The blurb at the top of the Modern Library Classics edition of The Trail of the Serpent happily announces that the novel is back in print after nearly a century. For such a readable – nay, almost modern – novel, you wonder at what cultural forces kept this florid little gem hidden for so long.
Mary Elizabeth Braddon (1835-1915) is pretty much credited as writing the first detective novel, even before Wilkie Collins’ The Moonstone (frankly, I think Braddon’s novel far more entertaining). Financial pressures forced Miss Braddon to work as an actress to support her mother and sister. She went by the stage name of Mary Seyton. To avoid total scandal (actresses were thought of as little better than prostitutes in those days), Braddon safeguarded her reputation by having her mother go chaperone whilst on tour.
The wild and fantastic goings on that constitute the plot of The Trail of the Serpent are far too involved to go into here. As I read it, though, all I could think of was Oscar Wilde’s maxim: nothing succeeds like excess. Not only does Braddon have a penchant for overwriting, she also likes to go over the top. This is the sort of novel that Lady Bracknell would thoroughly disapprove of, but read nonetheless. I dare say Wilde, too, would think be critical of Braddon’s work on aesthetic grounds, but secretly read her work with great pleasure. How can I put this another way? The Trail of the Serpent has lots of high camp. (I wonder if Susan Sontag lists it in her famous Notes on Camp?)
For example, in the French section of the novel, when Valerie de Cevennes poisons her husband (whom she secretly married), Gaston de Lancy, the death scene is extraordinarily over the top. Gaston is an opera singer, and he is slipped the poison before he goes on stage. Naturally enough, mid performance, and before an audience, he collapses. Women are forever shuddering and passing out in this novel, while the men scheme and plot.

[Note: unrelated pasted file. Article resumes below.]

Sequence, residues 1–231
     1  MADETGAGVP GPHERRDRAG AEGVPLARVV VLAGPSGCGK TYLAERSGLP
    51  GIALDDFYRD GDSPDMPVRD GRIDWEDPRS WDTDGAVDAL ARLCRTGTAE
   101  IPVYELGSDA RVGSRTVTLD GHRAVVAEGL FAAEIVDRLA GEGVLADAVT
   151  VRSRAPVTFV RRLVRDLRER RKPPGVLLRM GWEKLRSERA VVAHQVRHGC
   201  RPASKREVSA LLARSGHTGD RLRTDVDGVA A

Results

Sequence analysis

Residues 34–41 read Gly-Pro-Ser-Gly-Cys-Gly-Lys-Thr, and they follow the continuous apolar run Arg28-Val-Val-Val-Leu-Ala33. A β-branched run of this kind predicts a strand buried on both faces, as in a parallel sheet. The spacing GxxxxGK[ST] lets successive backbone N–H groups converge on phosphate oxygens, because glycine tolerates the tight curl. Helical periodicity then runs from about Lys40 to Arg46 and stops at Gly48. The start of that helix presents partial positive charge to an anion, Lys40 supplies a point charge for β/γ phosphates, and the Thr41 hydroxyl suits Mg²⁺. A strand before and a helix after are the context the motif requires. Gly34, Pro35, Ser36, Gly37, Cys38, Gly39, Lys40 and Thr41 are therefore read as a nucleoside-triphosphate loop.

Braddon also seems keen to keep us on the cusp of immorality. When the wicked Jabez North is at last captured, dragged before a court and found guilty, the author cannot resist painting him as irresistibly attractive. The murderer was, we are told, ‘much admired in the Chamber of Horrors at the eminent wax work exhibition’.
Also, women find him sexually attractive:
‘Young ladies fell in love with him, and vowed that a being – they called him a being – with such dear blue glass eyes, with beautiful curly eyelashes, and specks of lovely vermilion in each corner, could never have committed a horrid murder.’
Mary Elizabeth Braddon also reminds me of Alfred Hitchcock, and I speculate that he would have been intimately familiar with her work. Remember that famous Hitchcock quote about what makes a good film? ‘Murder, mayhem, all beautifully lit, gorgeous costumes…’ This is what you get spades of in The Trail of the Serpent. Indeed, for some reason, the lush cinematography of Hitchcock’s Vertigo kept on playing through my mind as I read the wonderfully vivid descriptions of the French sections of the novel.
If you like highly wrought novels, bordering on the decadent, then you most likely will enjoy this long forgotten novel.